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Will Russia Freeze Out Western Companies?

By David Smith - Updated Nov 11, 2016 at 6:10PM

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BP's problems in the former Soviet empire are growing.

I wonder whether BP (NYSE:BP) really thinks it'll get any relief in Russian courts as the company tries to sustain its important joint venture with three of that country's billionaires. It seems that doing business in Russia is progressively becoming a losing fight for western oil companies. Still, you have to give BP CEO Tony Hayward's folks an "A" for effort in trying to keep the partnership afloat.

War and peace
In a relationship becoming more contentious by the day, BP now is suing its Russian partners in an effort to recover about $370 million in debt related to back taxes from one of the companies the Russian partners put into the venture, TNK-BP, in 2003. (Tax troubles? In Russia? You don't say.)

Last week, in a possibly related action, Russian immigration officials loosened their previous stance and agreed to issue new work permits for about 50 foreign executives working for the company. The list included TNK-BP CEO Robert Dudley, who has been a bone of contention for the Russian trio. Mikhail Fridman, Viktor Vekselberg, and Len Blavatnik have repeatedly sought to have him removed from the venture's helm.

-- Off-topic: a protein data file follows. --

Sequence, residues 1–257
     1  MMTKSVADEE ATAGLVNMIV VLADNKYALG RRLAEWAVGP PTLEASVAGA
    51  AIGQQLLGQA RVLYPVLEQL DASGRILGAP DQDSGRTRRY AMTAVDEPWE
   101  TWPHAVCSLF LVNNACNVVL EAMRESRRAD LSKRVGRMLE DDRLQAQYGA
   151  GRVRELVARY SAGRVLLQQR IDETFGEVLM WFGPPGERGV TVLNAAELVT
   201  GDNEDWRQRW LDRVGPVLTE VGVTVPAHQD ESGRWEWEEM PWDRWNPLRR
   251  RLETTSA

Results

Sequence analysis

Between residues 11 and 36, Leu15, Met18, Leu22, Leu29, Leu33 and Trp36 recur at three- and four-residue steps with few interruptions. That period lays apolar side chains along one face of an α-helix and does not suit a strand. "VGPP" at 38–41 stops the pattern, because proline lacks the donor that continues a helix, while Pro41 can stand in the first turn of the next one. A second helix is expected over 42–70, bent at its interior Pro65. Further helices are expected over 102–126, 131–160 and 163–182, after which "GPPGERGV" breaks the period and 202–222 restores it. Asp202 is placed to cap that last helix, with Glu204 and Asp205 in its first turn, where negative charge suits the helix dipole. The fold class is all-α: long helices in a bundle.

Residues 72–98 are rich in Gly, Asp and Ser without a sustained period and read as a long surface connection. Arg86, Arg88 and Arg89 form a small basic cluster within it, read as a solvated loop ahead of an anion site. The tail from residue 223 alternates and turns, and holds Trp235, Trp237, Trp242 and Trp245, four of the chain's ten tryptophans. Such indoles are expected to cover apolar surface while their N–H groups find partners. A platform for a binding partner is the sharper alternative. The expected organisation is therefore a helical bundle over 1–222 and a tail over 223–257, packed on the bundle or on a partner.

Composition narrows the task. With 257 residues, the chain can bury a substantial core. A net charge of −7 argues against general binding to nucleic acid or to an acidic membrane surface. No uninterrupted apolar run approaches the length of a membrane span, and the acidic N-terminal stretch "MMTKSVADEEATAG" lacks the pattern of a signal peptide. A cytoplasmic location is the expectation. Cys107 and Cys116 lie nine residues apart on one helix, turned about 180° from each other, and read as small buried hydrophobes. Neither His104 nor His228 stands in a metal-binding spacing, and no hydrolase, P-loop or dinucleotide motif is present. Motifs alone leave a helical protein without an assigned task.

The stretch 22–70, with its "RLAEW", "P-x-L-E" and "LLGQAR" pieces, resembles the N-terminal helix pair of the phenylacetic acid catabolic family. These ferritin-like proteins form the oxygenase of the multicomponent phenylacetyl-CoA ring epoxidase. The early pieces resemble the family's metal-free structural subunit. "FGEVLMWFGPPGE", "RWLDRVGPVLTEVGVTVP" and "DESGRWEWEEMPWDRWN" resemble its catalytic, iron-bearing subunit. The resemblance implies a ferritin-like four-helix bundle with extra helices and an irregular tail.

Crime and punishment
As I see it, there are a couple of keys to the contentious relationship between BP and its partners. First, I'm wondering whether any western company will ever be able to get on satisfactorily in Russia, in the face of its expanding resource nationalism. Royal Dutch Shell (NYSE:RDS-A) (NYSE:RDS-B) has suffered a forced sale of its Sakhalin Island assets to quasi-government gas distributor Gazprom, not-so-surprisingly at a distressed price. And even ExxonMobil (NYSE:XOM) is facing increasing difficulty surviving on Sakhalin.

Second, and even more importantly, production from TNK-BP represents a sizable chunk of BP's global output. If BP were forced to sell its assets at a fire-sale price to the likes of Gazprom, the result could be incredibly painful for the London-based company. That's especially true in the wake of a string of misfortunes for BP, including a major Texas refinery explosion, Alaskan pipeline leaks, and an unexpectedly abrupt transition to Hayward at the company's helm.

Were I calling the shots at a western oil company, I'd stay away from Russia. And given the uncertainty of its big Russian venture, as a Foolish investor, I'm inclined to avoid BP shares for now.     

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